DOT Asks, and Gets an Earful from West Siders

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Howard/Stein-Hudson consultant Chris Ryan directs UWS traffic

Over 200 Upper West Siders turned out last night to tell the DOT what they think of street conditions in their neighborhood.

Held at John Jay College Auditorium on 10th Avenue and 58th Street, the premiere "listening session" of the West Side Transportation Study attracted "one of the larger turnouts" for a kickoff meeting, said moderator Arnold Bloch, of DOT consultants Howard/Stein-Hudson Associates. Covering West 55th to 86th Streets from Central Park West to the Hudson, the study aims to assess existing and future conditions through 2016, and to "develop short term, medium term, and long term improvement measures in consultation with stakeholders."

Such abstractions were not what at least one resident had in mind. As Bloch outlined the night’s agenda — the crowd would be dispersed into groups for "breakout sessions," which would consist of even smaller groups discussing a particular street use issue — an elderly woman said she had expected some direct face time with DOT. Once she was assured that her specific concerns could be addressed by one of the many DOT personnel on hand, and after obligatory appearances by elected officials (including Borough President Scott Stringer and Council Member Gale Brewer, who helped bring about the study), attendees were shuffled off to different rooms.

There were about 40 people in my group, the majority of them in their fifties or older. At least one was in a wheelchair, and one was sight-impaired. Our Howard/Stein-Hudson moderator explained that street use issues would be lumped into five discussion topics: congestion, curb space, safety, "travel challenges," and quality of life. As we were about to be broken up into groups (one for each topic), an elderly lady — possibly the same one from the auditorium, but I don’t think so — incited a mini-revolt, insisting it would be better if DOT staff could hear each citizen out individually. This led to a bit of a clamor before our moderator convinced everyone that the breakout session method was the best way to have everyone’s comments incorporated into the study.

I listened in on group discussions around the room. Here’s some of what was on people’s minds:

  • intrusion of newsracks, phone booths, parking meters and other "sidewalk furniture"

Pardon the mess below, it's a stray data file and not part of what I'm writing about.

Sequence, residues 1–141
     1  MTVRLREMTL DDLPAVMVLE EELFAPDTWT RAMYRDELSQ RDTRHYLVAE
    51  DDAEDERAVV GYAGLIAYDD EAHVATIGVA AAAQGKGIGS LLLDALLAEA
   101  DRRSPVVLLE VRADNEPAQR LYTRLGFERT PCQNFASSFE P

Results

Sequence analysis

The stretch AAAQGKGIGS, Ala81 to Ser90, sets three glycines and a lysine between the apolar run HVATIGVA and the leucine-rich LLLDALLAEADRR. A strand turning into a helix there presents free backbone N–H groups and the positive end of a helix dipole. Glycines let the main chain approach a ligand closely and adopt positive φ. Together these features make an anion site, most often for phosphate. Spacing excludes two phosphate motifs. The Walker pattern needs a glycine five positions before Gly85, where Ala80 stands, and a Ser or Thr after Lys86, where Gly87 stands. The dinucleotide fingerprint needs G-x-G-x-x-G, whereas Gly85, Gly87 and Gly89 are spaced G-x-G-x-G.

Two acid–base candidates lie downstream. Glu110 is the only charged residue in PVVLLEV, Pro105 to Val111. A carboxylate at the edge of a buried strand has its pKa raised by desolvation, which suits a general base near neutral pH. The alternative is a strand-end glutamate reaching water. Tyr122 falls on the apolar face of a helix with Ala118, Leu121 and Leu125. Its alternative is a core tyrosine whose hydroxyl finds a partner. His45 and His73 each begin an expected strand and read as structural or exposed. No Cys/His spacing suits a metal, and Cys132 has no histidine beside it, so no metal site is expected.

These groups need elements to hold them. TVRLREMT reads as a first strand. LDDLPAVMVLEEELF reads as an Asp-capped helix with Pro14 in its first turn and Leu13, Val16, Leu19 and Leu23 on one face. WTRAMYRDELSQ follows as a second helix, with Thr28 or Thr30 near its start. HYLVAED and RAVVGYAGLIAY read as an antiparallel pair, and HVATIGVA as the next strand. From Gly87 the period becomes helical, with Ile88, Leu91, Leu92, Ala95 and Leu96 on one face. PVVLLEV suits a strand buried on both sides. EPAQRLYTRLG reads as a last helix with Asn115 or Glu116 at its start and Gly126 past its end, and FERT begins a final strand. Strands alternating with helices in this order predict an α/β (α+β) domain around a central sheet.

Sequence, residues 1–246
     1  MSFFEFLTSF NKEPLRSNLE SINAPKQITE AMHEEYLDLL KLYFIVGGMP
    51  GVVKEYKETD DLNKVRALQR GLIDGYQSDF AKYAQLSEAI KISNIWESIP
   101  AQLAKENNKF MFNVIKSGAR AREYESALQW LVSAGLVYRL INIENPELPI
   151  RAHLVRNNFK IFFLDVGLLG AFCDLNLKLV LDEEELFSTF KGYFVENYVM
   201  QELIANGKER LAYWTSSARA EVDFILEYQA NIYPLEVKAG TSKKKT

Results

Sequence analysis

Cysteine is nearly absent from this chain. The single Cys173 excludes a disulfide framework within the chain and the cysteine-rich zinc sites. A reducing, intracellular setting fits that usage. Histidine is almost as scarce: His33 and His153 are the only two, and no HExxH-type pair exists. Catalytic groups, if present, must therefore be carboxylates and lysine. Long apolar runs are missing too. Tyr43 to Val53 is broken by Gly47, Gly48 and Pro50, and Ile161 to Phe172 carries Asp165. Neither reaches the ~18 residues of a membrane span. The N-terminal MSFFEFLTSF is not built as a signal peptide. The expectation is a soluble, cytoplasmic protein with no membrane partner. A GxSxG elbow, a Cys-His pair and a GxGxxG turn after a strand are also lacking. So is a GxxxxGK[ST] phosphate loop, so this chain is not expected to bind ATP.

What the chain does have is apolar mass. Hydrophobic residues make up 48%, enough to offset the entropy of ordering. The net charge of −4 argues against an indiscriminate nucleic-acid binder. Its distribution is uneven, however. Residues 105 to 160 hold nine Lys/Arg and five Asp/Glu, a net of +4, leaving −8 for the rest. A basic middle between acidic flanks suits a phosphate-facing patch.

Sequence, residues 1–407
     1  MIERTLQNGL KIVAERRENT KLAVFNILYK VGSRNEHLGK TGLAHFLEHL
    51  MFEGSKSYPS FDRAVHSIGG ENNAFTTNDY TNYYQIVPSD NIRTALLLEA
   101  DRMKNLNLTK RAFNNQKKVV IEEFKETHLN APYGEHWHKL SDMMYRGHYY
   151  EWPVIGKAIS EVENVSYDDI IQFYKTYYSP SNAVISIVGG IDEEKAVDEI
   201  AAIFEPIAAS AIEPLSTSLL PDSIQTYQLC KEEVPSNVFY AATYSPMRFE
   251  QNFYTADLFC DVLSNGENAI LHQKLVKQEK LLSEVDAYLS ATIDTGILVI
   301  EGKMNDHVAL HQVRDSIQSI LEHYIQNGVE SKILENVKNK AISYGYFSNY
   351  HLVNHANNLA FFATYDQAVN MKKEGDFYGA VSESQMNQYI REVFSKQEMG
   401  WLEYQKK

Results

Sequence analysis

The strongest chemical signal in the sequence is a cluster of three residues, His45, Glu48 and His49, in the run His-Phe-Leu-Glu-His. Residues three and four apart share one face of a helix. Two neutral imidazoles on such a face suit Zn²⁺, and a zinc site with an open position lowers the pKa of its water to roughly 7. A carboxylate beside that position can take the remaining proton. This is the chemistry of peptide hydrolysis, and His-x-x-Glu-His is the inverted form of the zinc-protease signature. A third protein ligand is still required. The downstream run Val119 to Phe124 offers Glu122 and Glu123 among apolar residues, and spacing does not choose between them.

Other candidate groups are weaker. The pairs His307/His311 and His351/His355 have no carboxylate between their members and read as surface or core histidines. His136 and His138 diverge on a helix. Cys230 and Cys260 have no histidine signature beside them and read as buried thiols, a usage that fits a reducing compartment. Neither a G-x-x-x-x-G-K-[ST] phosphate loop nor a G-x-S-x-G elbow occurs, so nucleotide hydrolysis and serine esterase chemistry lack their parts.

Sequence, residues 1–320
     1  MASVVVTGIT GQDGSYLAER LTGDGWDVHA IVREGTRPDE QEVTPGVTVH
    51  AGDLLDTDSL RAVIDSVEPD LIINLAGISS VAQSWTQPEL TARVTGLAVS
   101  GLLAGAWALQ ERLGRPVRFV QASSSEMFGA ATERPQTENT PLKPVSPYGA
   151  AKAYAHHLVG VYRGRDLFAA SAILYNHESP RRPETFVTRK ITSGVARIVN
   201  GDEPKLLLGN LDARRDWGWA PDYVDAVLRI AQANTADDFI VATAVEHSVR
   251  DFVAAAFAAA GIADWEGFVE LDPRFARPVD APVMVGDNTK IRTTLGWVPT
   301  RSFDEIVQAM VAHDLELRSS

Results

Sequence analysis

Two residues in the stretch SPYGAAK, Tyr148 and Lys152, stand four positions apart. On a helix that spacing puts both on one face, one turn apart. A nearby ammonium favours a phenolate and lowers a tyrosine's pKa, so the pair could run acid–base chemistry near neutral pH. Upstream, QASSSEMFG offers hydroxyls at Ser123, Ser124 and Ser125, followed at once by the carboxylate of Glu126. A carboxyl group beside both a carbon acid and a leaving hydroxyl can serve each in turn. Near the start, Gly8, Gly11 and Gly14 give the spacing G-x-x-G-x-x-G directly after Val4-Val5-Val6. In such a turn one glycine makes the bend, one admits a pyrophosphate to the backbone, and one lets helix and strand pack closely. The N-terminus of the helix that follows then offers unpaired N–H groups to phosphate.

• bike lanes (need more)
  • jaywalking pedestrians (need fewer)
  • staggering shift changes for cab drivers
  • ADA compliance by the city, including disabled access to sidewalks, crosswalks and buses
  • better sidewalk illumination
  • signage at every intersection
  • clearly indicated building numbers on all buildings
  • noise from garbage trucks, fire trucks, buses and motorcycles
  • pollution from buses
  • horn-honking
  • "no one knows what a fire lane is" anymore
  • dominance of construction scaffolding
  • drivers should leave addresses and phone numbers in car windows
  • controlled truck entrances into Manhattan
  • no SUV tax breaks
  • parking for 100 percent of residents in new construction projects
  • park-and-ride lots outside of Midtown, or in New Jersey
  • angled parking on one side of residential streets to cut own on double-parking
  • bike riding on sidewalks
  • congestion
  • community board participation in congestion pricing
  • study should extend to 96th Street
  • law enforcement
  • are police overworked?
  • abuse of parking placards by press, police and other government employees
  • "One of the most wonderful things that could happen in this city is if the police actually obeyed the law."

According to study literature, representatives from DOT, City Planning, the NYC Economic Development Corporation, NYC Transit, MTA and the New York Metropolitan Transportation Council will comprise a technical advisory committee to help analyze area demographics; land use and zoning; auto traffic; pedestrian and bike volumes; five-year crash data; parking; transit; and commercial truck movement — all of which will be used to formulate "improvement packages" for the study’s final report.

Those who missed the meeting may submit comments here.

Streetsblog would like to hear from readers who attended. What were your impressions?

  • Charlie D.

    “parking for 100 percent of residents in new construction projects”

    I think whoever thought of that one needs to rethink what they are actually asking for and what the effects would be.

  • I was in group C, issue #1, curbside space. My personal thanks to the guy in the I Love NY T-shirt for being our presenter to the group.

    We had a very solid group that really, really though we could do better than give away for free all this public space to long term storage of automobiles. We came away with three main points:

    1. Market based pricing of all different types of curbside car parking, from short term deliveries to long term residential parking permits. The idea is to both discourage driving as much as possible and eliminate double parking or loading/unloading in the street.

    2. Higher diversity of uses of curbside space to move pedestrian obstacles (trash, newsracks, cafes, etc) into the street in place of parked cars.

    3. More room for mass transit and higher priority for lanes that service buses and HOVs

  • eco wiz

    They should install a left turn arrow for east bound w 79th street at Amsterdam. This is a very DANGEROUS crossing. Lots of cars try to jump ahead of west bound traffic putting children who are in the north crosswalk either on their way to or from the museum. I have seen at least four people hit by left turning cars.

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